23. “Run the World (Girls)” (2011)
“Run the World (Girls)” feels a bit overwhelming, with a handful of forceful hooks orbiting a central beat jacked from Major Lazer’s “Pon de Floor,” but that’s sorta the point. This isn’t simply a song that encourages women to feel empowered — it’s an anthem about seizing power by any means necessary, so of course it needs to sound forceful and militant.
22. “Video Phone” featuring Lady Gaga (2009)
This is first of two Gaga/Beyoncé collaborations about telecommunications — maybe they can make it a trilogy and do a song about SnapChat or something. “Video Phone” came out just as smartphones became omnipresent, so it was written with the assumption that people would be sending sexy videos to each other constantly. That’s only sorta true now, but the song works really well if you think about it in terms of these two women who have totally mastered the art form of the video, delighting in using that talent as a method of seduction.
21. “Ego (Remix)” featuring Kanye West (2009)
This is basically a song in which Beyoncé and Kanye West pay tribute to the greatness of Jay-Z’s penis. They’re in on the joke, and part of the fun is hearing both of them stretch an already flimsy innuendo to the breaking point. It’s also just really nice to hear these two larger-than-life personalities kick back with a very low-key groove.
20. “1+1” (2011)
Beyoncé has a great voice for ballads, but it’s not really her strong suit. For the most part, her ballads have given her room to show off her vocal prowess, but leave her little room for eccentricity. “1+1” works because she gets to be tender and also a bit weird, with odd phrasing punctuating some of the most sentimental lyrics of her career. Also, that “Purple Rain”-style guitar solo is fantastic.
19. “Upgrade U” featuring Jay-Z (2006)
Beyoncé often sings about romance in terms of pragmatism, and this duet with her husband frames their marriage like a cross between self-improvement and a corporate merger. The most amazing thing about this song is that Jay-Z, an artist who has built a career on presenting himself as the most impressive and confident man in the world, seems so eager to be “upgraded” by his relationship with her.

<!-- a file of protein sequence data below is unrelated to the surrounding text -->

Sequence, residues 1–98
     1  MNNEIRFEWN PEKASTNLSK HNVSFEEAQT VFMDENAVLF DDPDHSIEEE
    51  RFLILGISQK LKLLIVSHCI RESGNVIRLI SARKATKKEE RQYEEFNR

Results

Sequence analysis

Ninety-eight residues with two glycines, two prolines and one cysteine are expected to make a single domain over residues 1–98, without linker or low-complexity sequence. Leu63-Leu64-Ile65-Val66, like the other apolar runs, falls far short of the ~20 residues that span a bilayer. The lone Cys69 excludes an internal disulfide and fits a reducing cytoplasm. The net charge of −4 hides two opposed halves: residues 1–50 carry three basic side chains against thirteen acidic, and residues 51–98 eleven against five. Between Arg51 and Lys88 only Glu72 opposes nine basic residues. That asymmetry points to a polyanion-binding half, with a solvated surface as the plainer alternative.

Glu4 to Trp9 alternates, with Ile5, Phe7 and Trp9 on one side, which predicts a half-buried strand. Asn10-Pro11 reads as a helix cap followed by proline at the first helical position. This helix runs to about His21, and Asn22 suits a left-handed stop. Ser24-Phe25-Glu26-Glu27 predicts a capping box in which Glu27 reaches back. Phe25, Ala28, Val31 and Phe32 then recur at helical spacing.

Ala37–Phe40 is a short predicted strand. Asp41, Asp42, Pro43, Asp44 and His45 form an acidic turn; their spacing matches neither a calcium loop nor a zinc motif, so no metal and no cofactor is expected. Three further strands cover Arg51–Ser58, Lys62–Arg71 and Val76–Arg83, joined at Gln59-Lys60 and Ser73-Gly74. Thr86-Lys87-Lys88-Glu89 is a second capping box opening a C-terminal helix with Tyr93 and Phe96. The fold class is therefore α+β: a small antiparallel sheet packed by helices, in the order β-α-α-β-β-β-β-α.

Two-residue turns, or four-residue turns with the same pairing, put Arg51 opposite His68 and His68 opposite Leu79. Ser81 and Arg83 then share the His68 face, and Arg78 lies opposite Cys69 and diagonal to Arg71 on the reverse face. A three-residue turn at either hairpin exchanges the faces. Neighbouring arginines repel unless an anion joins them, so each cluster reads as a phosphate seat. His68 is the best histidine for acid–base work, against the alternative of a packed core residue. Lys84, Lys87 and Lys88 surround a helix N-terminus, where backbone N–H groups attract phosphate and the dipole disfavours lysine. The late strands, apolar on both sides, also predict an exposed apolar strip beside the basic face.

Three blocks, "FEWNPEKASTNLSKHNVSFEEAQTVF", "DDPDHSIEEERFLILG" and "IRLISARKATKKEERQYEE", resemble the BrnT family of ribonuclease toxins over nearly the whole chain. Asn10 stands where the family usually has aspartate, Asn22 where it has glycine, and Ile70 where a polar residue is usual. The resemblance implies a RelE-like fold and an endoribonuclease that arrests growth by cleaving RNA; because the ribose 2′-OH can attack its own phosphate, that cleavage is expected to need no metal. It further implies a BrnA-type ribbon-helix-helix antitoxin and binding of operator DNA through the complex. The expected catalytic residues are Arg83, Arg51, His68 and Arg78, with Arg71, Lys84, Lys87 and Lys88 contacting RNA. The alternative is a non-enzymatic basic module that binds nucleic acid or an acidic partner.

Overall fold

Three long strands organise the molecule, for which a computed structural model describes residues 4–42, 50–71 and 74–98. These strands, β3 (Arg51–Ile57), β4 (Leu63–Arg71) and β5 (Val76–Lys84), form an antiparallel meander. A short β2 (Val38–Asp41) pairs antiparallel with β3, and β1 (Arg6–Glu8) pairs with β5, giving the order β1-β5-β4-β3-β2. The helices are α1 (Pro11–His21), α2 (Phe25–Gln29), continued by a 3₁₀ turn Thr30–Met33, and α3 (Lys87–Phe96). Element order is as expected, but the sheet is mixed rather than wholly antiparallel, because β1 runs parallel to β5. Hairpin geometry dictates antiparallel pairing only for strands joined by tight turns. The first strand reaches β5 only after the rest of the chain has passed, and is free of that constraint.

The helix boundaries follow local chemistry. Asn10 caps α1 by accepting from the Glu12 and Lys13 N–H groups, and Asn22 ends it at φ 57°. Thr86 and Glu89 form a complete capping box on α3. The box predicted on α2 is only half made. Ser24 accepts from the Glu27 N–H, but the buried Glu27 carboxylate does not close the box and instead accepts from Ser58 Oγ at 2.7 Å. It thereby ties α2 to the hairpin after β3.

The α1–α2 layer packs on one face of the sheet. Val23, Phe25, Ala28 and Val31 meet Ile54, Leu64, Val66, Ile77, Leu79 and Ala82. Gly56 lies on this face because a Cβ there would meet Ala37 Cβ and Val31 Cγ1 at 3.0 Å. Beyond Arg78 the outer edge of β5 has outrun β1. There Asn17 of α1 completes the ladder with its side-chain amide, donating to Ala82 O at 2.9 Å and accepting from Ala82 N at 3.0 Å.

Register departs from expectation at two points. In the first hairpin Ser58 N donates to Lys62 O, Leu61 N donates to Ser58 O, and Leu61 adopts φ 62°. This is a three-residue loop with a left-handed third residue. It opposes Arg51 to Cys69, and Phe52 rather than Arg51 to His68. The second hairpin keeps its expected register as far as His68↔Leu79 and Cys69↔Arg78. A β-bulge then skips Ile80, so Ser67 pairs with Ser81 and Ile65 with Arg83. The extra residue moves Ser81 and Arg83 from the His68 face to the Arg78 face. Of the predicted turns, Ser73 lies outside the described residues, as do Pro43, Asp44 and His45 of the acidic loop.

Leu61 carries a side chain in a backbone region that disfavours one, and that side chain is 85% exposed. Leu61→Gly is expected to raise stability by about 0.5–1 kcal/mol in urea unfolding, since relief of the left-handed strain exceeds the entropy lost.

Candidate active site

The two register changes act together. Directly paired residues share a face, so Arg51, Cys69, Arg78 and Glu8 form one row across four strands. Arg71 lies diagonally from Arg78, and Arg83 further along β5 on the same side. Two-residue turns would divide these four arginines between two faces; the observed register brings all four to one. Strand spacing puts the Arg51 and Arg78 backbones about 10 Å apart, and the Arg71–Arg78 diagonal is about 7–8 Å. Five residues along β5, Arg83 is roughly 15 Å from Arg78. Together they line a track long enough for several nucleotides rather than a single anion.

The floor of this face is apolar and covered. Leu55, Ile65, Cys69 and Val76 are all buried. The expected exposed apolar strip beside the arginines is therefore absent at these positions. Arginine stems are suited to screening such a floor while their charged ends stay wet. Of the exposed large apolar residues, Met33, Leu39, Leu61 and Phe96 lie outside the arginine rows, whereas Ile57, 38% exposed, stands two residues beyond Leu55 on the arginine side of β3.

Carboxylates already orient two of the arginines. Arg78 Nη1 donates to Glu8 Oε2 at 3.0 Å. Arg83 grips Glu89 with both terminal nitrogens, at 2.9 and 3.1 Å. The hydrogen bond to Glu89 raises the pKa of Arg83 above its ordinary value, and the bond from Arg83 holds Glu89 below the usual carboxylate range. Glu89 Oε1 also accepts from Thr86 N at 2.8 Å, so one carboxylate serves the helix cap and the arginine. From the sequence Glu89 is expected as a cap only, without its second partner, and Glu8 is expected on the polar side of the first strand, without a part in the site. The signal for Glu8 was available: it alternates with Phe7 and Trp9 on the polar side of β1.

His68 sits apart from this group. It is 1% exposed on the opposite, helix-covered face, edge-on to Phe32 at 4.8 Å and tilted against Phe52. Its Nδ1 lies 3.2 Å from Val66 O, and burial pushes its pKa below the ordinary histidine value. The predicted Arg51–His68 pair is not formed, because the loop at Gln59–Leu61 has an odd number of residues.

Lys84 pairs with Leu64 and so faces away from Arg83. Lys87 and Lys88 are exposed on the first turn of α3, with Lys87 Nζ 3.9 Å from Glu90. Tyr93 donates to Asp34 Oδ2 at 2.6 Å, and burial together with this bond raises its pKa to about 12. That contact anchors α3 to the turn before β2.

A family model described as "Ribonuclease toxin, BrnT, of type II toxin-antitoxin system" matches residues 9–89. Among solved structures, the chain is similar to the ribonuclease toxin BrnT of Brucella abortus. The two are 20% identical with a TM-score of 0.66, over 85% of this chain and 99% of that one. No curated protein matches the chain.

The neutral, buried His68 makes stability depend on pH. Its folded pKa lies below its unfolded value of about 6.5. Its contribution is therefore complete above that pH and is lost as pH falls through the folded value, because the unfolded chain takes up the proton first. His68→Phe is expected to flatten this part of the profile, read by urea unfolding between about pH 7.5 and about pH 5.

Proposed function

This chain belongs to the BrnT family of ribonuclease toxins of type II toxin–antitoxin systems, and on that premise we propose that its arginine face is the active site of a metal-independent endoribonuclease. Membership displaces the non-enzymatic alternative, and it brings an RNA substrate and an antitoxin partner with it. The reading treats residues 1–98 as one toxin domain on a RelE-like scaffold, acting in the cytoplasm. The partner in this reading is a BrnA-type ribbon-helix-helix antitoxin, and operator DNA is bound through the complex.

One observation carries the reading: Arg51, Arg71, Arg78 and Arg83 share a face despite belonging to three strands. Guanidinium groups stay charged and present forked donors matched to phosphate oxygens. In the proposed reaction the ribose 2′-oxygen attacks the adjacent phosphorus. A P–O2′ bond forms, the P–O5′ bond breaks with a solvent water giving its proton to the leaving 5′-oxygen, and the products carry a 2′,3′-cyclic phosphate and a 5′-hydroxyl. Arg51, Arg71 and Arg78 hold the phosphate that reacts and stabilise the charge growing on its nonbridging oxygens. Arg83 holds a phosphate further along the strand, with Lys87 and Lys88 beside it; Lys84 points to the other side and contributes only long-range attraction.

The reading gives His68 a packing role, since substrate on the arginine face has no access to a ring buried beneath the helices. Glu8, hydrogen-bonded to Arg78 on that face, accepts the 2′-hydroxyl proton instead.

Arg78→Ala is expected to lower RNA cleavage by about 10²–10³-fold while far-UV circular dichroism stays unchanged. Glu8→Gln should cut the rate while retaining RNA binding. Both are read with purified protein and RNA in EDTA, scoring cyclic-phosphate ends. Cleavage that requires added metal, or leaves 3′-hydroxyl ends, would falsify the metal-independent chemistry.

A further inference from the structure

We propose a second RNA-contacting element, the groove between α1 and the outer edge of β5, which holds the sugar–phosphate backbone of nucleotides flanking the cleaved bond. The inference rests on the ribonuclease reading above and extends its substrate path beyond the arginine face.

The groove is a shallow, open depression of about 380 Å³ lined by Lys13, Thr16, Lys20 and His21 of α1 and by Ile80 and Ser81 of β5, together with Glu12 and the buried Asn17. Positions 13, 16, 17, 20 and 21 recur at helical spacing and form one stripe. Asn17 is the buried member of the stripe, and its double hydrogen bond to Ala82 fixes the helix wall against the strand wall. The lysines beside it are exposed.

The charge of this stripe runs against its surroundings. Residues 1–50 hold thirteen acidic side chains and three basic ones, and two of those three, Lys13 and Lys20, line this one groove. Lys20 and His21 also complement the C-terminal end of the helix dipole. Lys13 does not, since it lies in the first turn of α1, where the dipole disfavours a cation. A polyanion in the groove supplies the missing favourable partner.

18. Destiny’s Child, “Survivor” (2001)
This may be the greatest anti-haters anthem in a decade overflowing with songs about triumphing over those who might doubt you. It’s as if Beyoncé went out of her way to make her own version of Gloria Gaynor’s “I Will Survive” that was more empowering and fierce by several orders of magnitude.
17. Destiny’s Child, “Say My Name” (2000)
“Say My Name,” a collaboration with producer Rodney Jerkins, is a flawless example of late ’90s R&B, with a clever balance of minimal melody and syncopated beats. The vocals are calm and confident as Destiny’s Child dress down a cheating bastard, and the skittering drum hits are like his nervous, guilty heartbeat.
16. “Yes” (2003)
Beyoncé pays tribute to the slooooow chopped-and-screwed beats of her hometown of Houston, Texas, in this remarkable album track from her solo debut, Dangerously in Love. The lyrics are sharp and pointed, as she criticizes a selfish, handsy suitor: “The first time I said no, it’s like I never said yes.”
15. “Diva” (2008)
“Diva” isn’t quite a rap song, but it has the feel and sound of a rap club banger thanks to Beyoncé’s emphasis on rhythm in her delivery and a towering beat by “A Milli” producer Bangladesh. This is sort of the point — she’s establishing that she can project over-the-top swagger on par with rappers like Jay-Z, Lil Wayne, and Kanye West while having to actually rap.
14. “Irreplaceable” (2006)
This song is sung from the perspective of someone with a broken heart, but it’s easy to forget that when you consider how much it must sting to be told on no uncertain terms that you can be replaced very easily while you’re being dumped. Also, that bit about all of your belongings fitting in one box to the left, to the left adds insult to injury. You do not mess with this woman.
13. “End of Time” (2011)
“End of Time” is one of Beyoncé’s most ambitious and bombastic songs — it borrows from classic Michael Jackson, Afrobeat, marching bands, jazz-funk fusion, and EDM, but it doesn’t sound quite like any other song. It’s also one of her most romantic tunes, with lyrics that put her love for her husband on a grandiose, cosmic scale.
12. Lady Gaga featuring Beyoncé, “Telephone” (2009)
Beyoncé and Lady Gaga are an inspired duo, and when they come together, they push each other to wonderfully absurd extremes of campiness. Bey takes second billing here, but her verse at the center of the track is a mind-blowing display of imperious diva grandeur.
11. “Why Don’t You Love Me?” (2010)